Virtualization, cloud computing drive hardware standardization
In addition to the apparent management and price benefits, virtualization can also drive hardware standardization. as an example, live migration of virtual machines (VMs) works only across an equivalent family of processors from an equivalent vendor (Intel or AMD), so the uniformity of CPUs for virtualization host platforms is additionally necessary. Cloud computing is another technology that lends itself to hardware standardization, said Sam Charrington, the vice-chairman of product management and marketing for St. Louis, Mo.-based Appistry Inc., which makes a grid application platform. Hardware standardization will need to happen so as for applications and data to maneuver seamlessly from one cloud environment to subsequent," Charrington said during his session at the Linux World/Next-Generation Data Center conference in San Francisco. The downfall of standardizing is vendor lock-in, but that's only a drag if the seller -customer relationship is sour or the vendor isn't a stable company, Maguire said. Hardware standardization may be a risk if you do not maintain an honest relationship together with your vendor," Maguire said. information technology education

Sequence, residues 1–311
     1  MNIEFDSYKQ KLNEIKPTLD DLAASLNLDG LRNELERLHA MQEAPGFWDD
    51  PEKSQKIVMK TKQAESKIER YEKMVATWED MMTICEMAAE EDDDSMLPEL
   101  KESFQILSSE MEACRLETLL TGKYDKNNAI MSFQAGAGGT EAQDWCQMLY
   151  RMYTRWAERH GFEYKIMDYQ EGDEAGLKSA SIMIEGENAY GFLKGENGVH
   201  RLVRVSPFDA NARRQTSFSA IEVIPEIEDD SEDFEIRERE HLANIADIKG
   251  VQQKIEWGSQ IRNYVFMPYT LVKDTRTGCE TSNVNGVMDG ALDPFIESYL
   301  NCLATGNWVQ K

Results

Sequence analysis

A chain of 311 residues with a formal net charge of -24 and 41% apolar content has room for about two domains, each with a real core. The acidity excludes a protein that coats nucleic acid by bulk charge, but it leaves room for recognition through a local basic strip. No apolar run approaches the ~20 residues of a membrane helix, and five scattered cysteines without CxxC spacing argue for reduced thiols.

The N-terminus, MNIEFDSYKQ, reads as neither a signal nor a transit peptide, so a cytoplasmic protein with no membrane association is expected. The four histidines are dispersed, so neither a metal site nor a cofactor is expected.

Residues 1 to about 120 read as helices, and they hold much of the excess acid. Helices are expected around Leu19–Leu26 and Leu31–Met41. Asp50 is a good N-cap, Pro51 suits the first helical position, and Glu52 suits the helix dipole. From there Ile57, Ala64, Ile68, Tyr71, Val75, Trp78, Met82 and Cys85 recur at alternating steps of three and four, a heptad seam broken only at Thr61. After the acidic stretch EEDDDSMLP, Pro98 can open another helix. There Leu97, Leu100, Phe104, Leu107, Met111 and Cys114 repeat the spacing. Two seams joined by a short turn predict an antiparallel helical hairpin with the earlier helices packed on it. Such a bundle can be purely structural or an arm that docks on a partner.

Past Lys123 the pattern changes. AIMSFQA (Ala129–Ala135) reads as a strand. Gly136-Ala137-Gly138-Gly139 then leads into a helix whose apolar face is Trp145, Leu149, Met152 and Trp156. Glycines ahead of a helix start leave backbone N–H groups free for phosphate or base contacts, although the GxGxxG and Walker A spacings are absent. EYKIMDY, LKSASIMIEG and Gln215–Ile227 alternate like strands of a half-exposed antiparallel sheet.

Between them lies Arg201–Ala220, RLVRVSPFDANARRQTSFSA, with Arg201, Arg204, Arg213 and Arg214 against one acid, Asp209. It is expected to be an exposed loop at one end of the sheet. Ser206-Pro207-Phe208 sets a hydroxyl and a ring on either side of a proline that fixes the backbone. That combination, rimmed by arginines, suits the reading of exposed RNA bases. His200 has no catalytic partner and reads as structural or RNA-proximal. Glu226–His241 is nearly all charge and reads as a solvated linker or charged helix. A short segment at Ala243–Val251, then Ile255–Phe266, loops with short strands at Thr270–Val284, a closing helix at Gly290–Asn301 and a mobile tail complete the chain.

"Fostering an honest vendor relationship may be a win-win for business. I do not see tons of downside to standardizing unless you do not plan your roadmap and you do not foster an honest relationship. you've got to be smart about your decisions." But standardization isn't possible. "In some cases, Fortune 500 as an example, the range of workloads that are being supported continues to expand and no single infrastructure will ever be capable of handling all the utilization cases," Eastwood said. And OEMs have segmented the market into even small chunks and offering servers that are "optimized" for specific market segments, like branch offices, small and medium-sized businesses, enterprise data centers, virtualization, and high-performance Computing, Eastwood said. "So whilst users work to simplify, the OEM business models are becoming more complex." In fact, the info Center Decisions 2008 Purchasing Intentions Survey of quite 600 management-level IT administrators shows that 36% of users said they are doing not have a typical hardware platform for VMs.